"Toy Story" and "Toy Story 2"

Not all DVD versions of the two groundbreaking computer-animated movies are created equal.


Max Garrone
April 5, 2001 11:00PM (UTC)

"Toy Story" and "Toy Story 2" (Two Pack)
Directed by John Lasseter
Starring the voices of Tom Hanks, Tim Allen, Joan Cusack, Don Rickles, Wallace Shawn
Walt Disney Home Video: anamorphic widescreen (1.78:1 aspect ratio)
Extras: Animated short films "Tin Toy" and "Luxo Jr," outtakes from "Toy Story 2"

The success of the "Toy Story" movies demonstrated that simplicity, at least in plot and character, can translate to quality and pay off at the box office. But unfortunately, some of the versions of "Toy Story" on DVD are as stripped down and spare as the movies, with extra features kept to a bare minimum. Still, it's surprising how brightly these two movies shine -- especially with the crystal-clear digital picture. Back in 1995, "Toy Story" was a technical revelation, an engaging, completely computer-animated movie about the secret life of toys. "Toy Story 2," in 1999, did pretty much the same thing, lagging a bit at moments, but managed to be just as technically and narratively brilliant in developing the further adventures of Woody, Buzz and the rest of the toys in Andy's bedroom.
Both films are about bedrock values like loyalty and consistency of character. In the first, the cowboy doll Woody has to adjust to feeling abandoned when his owner Andy turns his attentions to the new toy, Buzz Lightyear, an astronaut action figure. Later, he has to save Buzz from the evil kid next door. In the second film it's Buzz who leads a squad of toys to rescue Woody from a toy collector who wants to ship the little cowboy to a museum in Japan. Woody has to decide whether he wants to achieve immortality in a museum or fulfill a more emotionally useful role of entertaining his owner. But there's a different reality always lurking in the background. The filmmakers built an idyllic contemporary life for Andy. He lives in a neat neo-Victorian house on a tree-shrouded street with his single mother. She and Andy occupy the most peripheral roles in the movies, but the device works as striking little fillip that makes the movie even more palatable for adults, who can sneer at characters like the evil toy collector Al (whose day job is parading across TV ads in a chicken suit for his toy store) or the little tributes to fiction movies. (In "Toy Story 2," the evil toy Zurg plays the role of Darth Vader and there's a Whack-a-Mole game where baby aliens pop out of a man's chest.)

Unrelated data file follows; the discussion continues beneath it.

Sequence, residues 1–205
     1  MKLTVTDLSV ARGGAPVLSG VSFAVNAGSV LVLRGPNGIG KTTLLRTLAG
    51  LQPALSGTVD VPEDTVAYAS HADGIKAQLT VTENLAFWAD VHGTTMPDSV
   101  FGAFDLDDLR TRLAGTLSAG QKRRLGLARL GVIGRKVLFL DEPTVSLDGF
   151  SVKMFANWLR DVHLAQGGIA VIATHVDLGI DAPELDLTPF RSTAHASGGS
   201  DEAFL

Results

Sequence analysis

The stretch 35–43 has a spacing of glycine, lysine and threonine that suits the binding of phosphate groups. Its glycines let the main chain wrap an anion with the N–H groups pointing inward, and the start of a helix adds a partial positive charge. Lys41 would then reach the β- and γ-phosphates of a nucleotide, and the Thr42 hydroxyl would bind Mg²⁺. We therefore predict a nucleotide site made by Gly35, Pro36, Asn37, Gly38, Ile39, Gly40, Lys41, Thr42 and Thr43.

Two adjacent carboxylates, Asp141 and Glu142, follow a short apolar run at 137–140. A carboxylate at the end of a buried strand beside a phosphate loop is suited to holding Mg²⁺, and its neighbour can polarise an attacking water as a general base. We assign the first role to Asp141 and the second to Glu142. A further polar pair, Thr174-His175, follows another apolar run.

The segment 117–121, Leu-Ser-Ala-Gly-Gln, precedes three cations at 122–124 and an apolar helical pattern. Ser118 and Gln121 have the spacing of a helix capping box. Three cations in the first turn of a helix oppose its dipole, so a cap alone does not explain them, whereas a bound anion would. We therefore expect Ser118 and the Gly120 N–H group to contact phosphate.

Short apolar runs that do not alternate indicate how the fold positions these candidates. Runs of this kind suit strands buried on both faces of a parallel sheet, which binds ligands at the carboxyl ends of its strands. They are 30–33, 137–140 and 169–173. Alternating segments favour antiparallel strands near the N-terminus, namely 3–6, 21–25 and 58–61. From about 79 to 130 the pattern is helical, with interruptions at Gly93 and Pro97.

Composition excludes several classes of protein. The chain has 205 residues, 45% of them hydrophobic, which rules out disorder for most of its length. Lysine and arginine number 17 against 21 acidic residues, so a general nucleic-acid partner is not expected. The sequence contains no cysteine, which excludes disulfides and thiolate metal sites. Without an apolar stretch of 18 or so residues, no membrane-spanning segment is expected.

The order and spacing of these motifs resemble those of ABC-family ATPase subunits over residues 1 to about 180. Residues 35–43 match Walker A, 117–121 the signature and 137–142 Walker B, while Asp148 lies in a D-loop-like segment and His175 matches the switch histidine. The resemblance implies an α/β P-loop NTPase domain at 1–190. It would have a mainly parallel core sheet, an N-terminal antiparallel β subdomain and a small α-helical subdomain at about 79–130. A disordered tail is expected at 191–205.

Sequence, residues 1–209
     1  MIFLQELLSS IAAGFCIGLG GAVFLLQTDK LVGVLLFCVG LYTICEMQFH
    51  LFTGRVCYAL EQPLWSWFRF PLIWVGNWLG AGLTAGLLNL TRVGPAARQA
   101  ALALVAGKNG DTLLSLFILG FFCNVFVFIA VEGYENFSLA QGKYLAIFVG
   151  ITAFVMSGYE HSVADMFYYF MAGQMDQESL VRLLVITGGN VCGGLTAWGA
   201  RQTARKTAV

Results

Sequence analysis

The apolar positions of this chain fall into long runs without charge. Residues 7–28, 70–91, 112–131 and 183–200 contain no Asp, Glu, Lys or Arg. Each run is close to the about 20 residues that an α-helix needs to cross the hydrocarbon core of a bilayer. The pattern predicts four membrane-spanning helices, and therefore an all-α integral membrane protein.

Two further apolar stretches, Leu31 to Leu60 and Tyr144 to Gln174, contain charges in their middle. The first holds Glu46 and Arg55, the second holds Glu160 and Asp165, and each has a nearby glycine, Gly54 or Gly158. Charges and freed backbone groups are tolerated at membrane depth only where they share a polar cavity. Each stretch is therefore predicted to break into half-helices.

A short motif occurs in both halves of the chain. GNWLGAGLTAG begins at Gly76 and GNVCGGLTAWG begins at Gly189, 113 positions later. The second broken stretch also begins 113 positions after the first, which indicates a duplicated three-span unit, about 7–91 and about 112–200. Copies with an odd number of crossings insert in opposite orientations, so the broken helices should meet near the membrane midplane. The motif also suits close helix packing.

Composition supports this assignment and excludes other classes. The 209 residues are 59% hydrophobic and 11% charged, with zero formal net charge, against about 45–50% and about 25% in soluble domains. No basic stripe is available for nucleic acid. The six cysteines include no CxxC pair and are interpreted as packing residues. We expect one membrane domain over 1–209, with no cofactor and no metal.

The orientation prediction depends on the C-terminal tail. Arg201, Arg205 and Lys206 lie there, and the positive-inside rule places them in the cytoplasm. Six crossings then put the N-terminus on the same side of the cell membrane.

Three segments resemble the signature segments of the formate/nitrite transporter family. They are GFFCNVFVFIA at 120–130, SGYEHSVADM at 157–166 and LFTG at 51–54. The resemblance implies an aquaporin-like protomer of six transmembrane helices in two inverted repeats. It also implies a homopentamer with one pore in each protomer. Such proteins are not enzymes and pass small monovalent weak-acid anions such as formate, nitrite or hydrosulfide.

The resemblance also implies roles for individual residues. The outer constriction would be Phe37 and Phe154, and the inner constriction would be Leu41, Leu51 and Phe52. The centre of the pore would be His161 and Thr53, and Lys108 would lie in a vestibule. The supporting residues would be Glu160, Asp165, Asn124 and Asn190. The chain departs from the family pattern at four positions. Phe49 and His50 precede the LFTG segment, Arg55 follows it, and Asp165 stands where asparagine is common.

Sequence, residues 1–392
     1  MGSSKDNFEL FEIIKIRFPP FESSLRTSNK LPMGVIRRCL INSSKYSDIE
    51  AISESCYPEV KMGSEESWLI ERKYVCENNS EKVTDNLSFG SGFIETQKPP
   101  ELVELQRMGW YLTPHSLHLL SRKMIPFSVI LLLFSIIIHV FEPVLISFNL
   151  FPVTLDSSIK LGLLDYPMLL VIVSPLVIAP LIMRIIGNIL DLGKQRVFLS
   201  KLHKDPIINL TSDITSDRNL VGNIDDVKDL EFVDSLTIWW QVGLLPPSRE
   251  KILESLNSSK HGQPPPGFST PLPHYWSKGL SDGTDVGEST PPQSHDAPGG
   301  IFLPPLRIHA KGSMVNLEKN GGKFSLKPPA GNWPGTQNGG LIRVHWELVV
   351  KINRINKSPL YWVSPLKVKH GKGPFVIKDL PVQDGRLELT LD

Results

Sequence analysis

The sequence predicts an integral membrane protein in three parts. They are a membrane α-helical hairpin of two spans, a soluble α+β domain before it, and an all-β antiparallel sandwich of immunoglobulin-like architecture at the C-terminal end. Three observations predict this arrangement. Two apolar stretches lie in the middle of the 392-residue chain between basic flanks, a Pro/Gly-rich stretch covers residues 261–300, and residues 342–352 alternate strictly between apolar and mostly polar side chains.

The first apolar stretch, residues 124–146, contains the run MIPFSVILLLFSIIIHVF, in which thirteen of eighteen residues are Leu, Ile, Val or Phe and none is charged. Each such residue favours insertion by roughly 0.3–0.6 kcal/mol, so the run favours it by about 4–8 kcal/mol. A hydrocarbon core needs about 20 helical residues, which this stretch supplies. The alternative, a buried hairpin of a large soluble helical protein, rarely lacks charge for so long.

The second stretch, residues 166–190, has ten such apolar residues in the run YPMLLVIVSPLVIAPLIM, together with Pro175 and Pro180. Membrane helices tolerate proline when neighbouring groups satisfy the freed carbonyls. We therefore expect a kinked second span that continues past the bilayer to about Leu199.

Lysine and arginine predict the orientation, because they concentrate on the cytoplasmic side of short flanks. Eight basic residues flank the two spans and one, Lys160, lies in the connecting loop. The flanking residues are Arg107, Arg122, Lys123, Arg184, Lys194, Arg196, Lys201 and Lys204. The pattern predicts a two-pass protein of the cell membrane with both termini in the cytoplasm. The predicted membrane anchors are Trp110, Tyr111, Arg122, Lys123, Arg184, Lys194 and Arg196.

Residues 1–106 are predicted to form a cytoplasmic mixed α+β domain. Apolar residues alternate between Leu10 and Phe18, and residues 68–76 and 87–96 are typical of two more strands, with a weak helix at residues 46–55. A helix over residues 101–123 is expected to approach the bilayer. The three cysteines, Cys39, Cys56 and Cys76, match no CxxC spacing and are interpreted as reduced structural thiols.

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The DVDs are available by themselves, in a spare two-disc set, or as a three-disc "Ultimate Toy Box" with a full disc of extras. The only extra features on the stand-alone versions and the two-disc set are a pair of animated shorts that prefigure the computer animation used in "Toy Story"; "Tin Toy" and "Luxo Jr." are both delightful and add to an understanding of the animation and storytelling techniques that paid off so grandly in the feature length expeditions. "Toy Story 2" also has a series of animated outtakes like the ones that accompanied the credit sequence of "A Bug's Life." The three-disc "Ultimate Toy Box" includes audio commentaries for both films, deleted animation, hundreds of art stills, 360-degree "sets" that take you inside the movie, a key to hidden jokes, interviews, several shorts that explain the complexities of the animation and all of the work that went into both films, and, notably, a documentary-style piece, "The Story Behind 'Toy Story,'" which goes a long way toward showing both children and adults what made these two films so magical.


Max Garrone

Max Garrone is Salon's Vice President for Operations.

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